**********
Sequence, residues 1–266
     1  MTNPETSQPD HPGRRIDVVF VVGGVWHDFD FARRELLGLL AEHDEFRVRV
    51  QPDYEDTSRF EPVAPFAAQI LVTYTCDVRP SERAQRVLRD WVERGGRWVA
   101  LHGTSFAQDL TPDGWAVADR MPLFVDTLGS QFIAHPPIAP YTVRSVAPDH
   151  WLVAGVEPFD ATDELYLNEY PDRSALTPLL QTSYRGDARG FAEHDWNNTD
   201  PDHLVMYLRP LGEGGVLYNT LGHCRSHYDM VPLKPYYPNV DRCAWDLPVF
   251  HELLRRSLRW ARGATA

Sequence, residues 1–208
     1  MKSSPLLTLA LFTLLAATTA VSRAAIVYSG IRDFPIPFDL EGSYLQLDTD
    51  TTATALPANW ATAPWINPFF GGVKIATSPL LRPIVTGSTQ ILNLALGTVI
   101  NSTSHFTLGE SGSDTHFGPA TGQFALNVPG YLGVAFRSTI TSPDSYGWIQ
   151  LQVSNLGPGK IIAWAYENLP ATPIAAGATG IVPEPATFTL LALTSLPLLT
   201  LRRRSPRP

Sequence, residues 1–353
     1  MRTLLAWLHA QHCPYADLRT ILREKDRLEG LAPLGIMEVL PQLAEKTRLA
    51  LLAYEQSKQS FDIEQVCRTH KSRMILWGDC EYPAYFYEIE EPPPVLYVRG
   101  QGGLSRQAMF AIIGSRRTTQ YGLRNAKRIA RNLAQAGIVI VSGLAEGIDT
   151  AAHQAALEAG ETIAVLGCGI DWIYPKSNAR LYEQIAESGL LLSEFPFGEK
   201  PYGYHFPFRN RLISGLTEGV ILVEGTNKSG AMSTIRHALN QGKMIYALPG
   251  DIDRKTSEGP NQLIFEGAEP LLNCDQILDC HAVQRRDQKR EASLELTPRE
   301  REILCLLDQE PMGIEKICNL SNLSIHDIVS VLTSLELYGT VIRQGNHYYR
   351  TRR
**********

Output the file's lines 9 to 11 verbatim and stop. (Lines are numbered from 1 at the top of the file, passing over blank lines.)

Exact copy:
     1  MKSSPLLTLA LFTLLAATTA VSRAAIVYSG IRDFPIPFDL EGSYLQLDTD
    51  TTATALPANW ATAPWINPFF GGVKIATSPL LRPIVTGSTQ ILNLALGTVI
   101  NSTSHFTLGE SGSDTHFGPA TGQFALNVPG YLGVAFRSTI TSPDSYGWIQ